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The Future of Universities


 

In recent years, the cost of tertiary education has risen astronomically. Many students have been forced to take out loans to finance their studies. Unfortunately the job market for graduates is weak; quite a number are unable to find jobs, and are therefore unable to repay their loans. Unless universities can reduce their fees, the number of applicants will continue to decline.

Let us look at what some older universities are doing to increase their revenue. Lured by Middle East and Asia’s demand for higher education, many international universities have set up overseas branches, hoping to capture some of this educational market.

For example, New York University's Tisch School of the Arts opened a branch in Singapore in 2007. But yesterday came the shock announcement that it will be closing down in 2014, In April 2007, the University of New South Wales opened a branch in Singapore, but in June, barely two months later, it closed shop. The enrolment of students at these two universities was too low to sustain their survival. One of the reasons is that the fees were too high, and they had therefore priced themselves out of the market.

There is a new development that threatens to sound the death-knell of traditional universities, It is known by the acronym MOOC. This stands for "massive open online courses".

Courses in science, engineering, and the humanities delivered by the world's best professors are now available online for free or nearly free. Already millions of learners are studying at Coursera, Udacity, and EdX, or downloading lectures from iTunes U(niversity).

Paid courses are available from accredited online universities: Britain's Open University, University of Phoenix, Post University, Kaplan University Colorado Technical University, American Intercontinental University, and Ashford University, These universities award legitimate degrees, and they cost far less than conventional universities.

It is predicted that MOOCs and online universities will revolutionize current tertiary education. Students unable to afford the older established universities will turn to these cheaper alternatives.

The advantages of online learning are that the lecturers can be some of the best in the world. The talks are often illustrated with first-rate graphics, videography, animation, and interactivity. Students can study at their convenience, at their own pace, and they can replay the talks. Some of the institutions even allow for online interaction with the lecturers. One professor can address millions of students, indefinitely.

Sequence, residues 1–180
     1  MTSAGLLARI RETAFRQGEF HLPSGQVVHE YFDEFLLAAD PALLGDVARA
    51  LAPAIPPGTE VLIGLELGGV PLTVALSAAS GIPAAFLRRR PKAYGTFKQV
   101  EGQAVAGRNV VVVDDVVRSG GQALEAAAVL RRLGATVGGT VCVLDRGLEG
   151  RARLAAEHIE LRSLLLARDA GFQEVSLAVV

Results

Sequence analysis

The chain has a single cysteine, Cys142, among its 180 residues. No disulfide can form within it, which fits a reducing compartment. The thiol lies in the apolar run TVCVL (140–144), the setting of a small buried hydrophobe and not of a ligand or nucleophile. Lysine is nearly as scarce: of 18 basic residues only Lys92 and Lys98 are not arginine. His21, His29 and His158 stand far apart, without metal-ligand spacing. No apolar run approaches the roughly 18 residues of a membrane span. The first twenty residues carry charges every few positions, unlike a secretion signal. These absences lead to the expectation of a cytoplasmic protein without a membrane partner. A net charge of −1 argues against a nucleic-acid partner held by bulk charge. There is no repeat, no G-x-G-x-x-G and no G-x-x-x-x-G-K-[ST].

The major disadvantages are that there is lack of live face-to-face interaction with the tutors, and for science and engineering subjects, there may be no practicals using laboratory equipment. This problem can be solved by having students attend on-campus practical courses.

I think that online tertiary education is already a reality, and is expanding at a breakneck pace. It will lead to the demise of many traditional universities, in the same way that technology has disrupted printed books, CDs and DVDs.

To delay the expiry of conventional universities, perhaps they should adopt the philosophy: "if you can't beat them, you join them". To save cost, lectures can be recorded and watched online. Only star professors need deliver their lectures live. Students enrolled in that university can reside and study anywhere in the world, and maybe they are only required to attend campus practicals for a few weeks annually. It is conceivable that prestige universities like Harvard, Yale, Stanford, Oxford, Cambridge, might be tempted to increase their enrolment to millions of students. This will not only generate more revenue, but the efficiency will drastically reduce the cost of education.

I predict that this will be the brave new world of MOOC!

Kenneth Lyen
10 November 2012